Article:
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Men without foreskins have lower rates of human papillomavirus (HPV) and herpes, according to a study in the New England Journal of Medicine. A group of uncircumcised Ugandan men were enrolled in the study, and half were randomly selected to go under the knife. Two years later, the newly snipped men were 25 percent less likely to have contracted herpes and 36 percent less likely to have HPV.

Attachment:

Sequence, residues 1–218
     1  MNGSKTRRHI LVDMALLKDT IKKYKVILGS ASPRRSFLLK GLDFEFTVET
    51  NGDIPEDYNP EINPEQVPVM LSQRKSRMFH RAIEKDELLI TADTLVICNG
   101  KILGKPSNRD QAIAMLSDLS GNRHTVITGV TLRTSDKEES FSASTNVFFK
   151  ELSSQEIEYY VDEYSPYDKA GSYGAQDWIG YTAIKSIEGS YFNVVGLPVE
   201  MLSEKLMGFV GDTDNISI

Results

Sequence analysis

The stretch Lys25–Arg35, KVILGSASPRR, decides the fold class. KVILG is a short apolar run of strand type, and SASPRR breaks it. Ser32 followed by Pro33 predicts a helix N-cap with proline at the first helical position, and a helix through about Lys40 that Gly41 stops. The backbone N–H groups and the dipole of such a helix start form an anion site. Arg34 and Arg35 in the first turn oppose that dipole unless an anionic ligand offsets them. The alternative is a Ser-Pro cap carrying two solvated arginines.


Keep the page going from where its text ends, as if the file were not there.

The reason is probably a combination of two factors, says study author Dr Ronald Gray. “The underside of the foreskin has less of a protective layer of protein than regular skin, and there’s a moist cavity under the foreskin that might harbour the viruses longer.
Circumcision removes the vulnerable tissue as well as the moist environment.”